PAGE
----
Henry Raven (1777–1825), apprentice brewer
Henry Raven was Mary Hardy’s nephew. He lived in the Hardys’ household at Letheringsett Hall for eight years 1792–1800 and was their brewery apprentice for five of those years from July 1794.
As part of his training he was taught by his cousin William Hardy junior to keep a farming and brewing diary which opens on 10 October 1793. Henry maintained the entries daily until 25 October 1797.
Recording the unrecorded
Henry Raven’s diary is thought to be the only surviving work diary of an eighteenth-century brewery apprentice.
He undertook the tasks of the workforce, and began by spending a gruelling year on the malting floor with a much older man to guide him: John Ramm was then in his sixties. Henry understood the hardships of the farm servants and labourers, for he worked alongside them.
During the Coltishall years in the 1770s Mary Hardy had herself recorded the tasks of the workforce. She was more patchy in her later coverage. For four years, given in full in Diary 3, Henry noted all that the men did. Shortly after the start of the diary he began also to include their Sunday tasks. His record helps to repair the omissions of his aunt.
The two diaries are a memorial to all those individuals. They also stand for the lives of others who have gone unchronicled.
Cross-checking: the two diaries tally closely
Henry’s diary further serves as a cross-check on his aunt’s accuracy. On the whole the manuscripts tally closely.
In the page seen below the innkeeper Robert Staff journeyed 25 miles cross-country from Stalham with his beer order on Sunday 13 April 1794. The farm servant and drayman Robert Bye loaded the cart with beer barrels and set off that Sunday night at 10 pm. He and the horse or horses had an eight-hour trudge ahead of them overnight.
Mary Hardy tells us in her manuscript that Staff stayed for dinner and supper with the Hardys. She does not record him staying overnight, as he sometimes did. Bye may have needed the innkeeper to guide him in the dark.
The Whissonsett family
Henry Raven, like his aunt and fellow diarist, came from the central Norfolk village of Whissonsett, fifteen miles from Letheringsett. He was brought up on a substantial farm at Whissonsett Hall.
Henry had a difficult life. His father Robert, Mary Hardy’s brother, was mentally ill at the time of Henry’s birth, and confined in the home of a Norwich physician. Robert Raven died in 1783 aged 44, leaving his wife Ann with eight children aged under thirteen. Thomas, the baby, died a few months later.
Both diarists were from a line of small farmers and shopkeepers. Henry’s great-grandfather—also Henry Raven (1663–1723), and a worsted weaver—was the first of the family to live in the house pictured at the banner. The Ravens’ large grocery stood in front of this house on the lane east of the church.
In his will Henry makes it clear that the shop was his wife’s domain. Rose (d.1744), their youngest son Nathaniel and two further generations of Ravens followed in the trade.
A new opportunity at fourteen
The Hardys took Henry to live with them in 1792, and trained him at their brewery. They had at first offered the brewery apprenticeship to his older brother William, but William lasted only three months.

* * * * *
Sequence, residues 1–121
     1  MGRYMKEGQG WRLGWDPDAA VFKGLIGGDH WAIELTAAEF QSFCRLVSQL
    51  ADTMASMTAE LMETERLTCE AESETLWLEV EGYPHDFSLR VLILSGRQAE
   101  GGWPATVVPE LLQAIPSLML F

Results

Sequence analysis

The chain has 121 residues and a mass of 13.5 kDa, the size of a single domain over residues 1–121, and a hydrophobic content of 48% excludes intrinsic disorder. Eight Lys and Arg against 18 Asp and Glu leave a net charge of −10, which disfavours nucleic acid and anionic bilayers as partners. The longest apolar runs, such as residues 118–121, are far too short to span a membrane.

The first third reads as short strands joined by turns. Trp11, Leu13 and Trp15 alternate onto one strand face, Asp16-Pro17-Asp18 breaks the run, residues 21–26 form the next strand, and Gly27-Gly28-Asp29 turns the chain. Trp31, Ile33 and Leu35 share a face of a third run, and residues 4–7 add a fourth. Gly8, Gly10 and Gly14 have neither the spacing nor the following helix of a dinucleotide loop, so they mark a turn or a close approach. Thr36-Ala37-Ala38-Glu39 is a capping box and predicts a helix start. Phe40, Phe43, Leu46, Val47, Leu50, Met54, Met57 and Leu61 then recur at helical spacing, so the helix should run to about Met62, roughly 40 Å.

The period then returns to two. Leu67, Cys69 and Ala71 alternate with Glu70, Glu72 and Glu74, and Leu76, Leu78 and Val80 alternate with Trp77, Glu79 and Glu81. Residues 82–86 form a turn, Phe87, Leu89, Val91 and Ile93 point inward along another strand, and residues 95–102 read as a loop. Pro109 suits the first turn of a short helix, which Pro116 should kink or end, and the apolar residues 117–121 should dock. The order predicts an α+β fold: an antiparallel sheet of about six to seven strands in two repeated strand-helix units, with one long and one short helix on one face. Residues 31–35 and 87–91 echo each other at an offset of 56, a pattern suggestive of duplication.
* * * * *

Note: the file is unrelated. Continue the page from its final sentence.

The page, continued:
The brothers were the only two to be granted Letheringsett apprenticeships. This suggests the offer was made to relieve the widowed Ann Raven of some at least of her many responsibilities.
After a two-year trial period Henry was formally bound apprentice in July 1794, entering into a five-year engagement. It seems to have been a harmonious relationship. The two brewers, father and son, took the training of Henry very seriously.
As a result he was given the opportunity of earning his living in a calling not open to him in Whissonsett or its immediate neighbourhood.
In 1819 Henry became the brother-in-law of William Hardy junior when Henry’s youngest sister Mary (1780–1846) married their cousin. In a second generation a William Hardy had married a Mary Raven of Whissonsett.
The painful breach, and nomadic women
The same indomitability which characterised the shopkeeper Rose Raven in her widowhood, to judge from her long will, was shared by the younger Henry Raven’s mother in her widowhood. But by 1805 Ann Raven could no longer carry on at the Hall.
Her parting with a much-loved property, one seemingly iconic to Mary Hardy, precipitated a painful breach between the families. It was healed only by Mary Hardy’s death.
There are signs the rest of the diarist’s immediate family did not agree with her embittered response to her sister-in-law’s decision to sell up. On his wife’s death in 1809 William Hardy appointed Ann Raven housekeeper at Letheringsett Hall.
In so doing he gave Ann and her daughter Mary some respite from the nomadic life all too often the fate of widowed and unmarried women with no home of their own.
On Ann Raven’s death in 1811 her daughter Mary became housekeeper, and in 1819 mistress, of Letheringsett Hall.
The breach probably explains why we hear nothing of Henry from his aunt after the autumn of 1805. The years 1805–09 would have difficult for Henry, with divided loyalties. He was then establishing himself as a brewer in St Albans, Hertfordshire, and starting a family.
Henry in St Albans and London
Henry Raven was already working in St Albans at his marriage in London to Mary Elizabeth West in 1805. They had five children between 1806 and 1812, who were all christened at St Peter’s.
After their move to Shoreditch, just north-east of the City of London, the couple had a sixth child, Rose, in 1815.
There is no known portrait of Henry, but a later record of his survives: his brewing book of 1824.
That part of his story, together with his death in Lambeth in March 1825, continues on the pages for Mary Hardy and her World.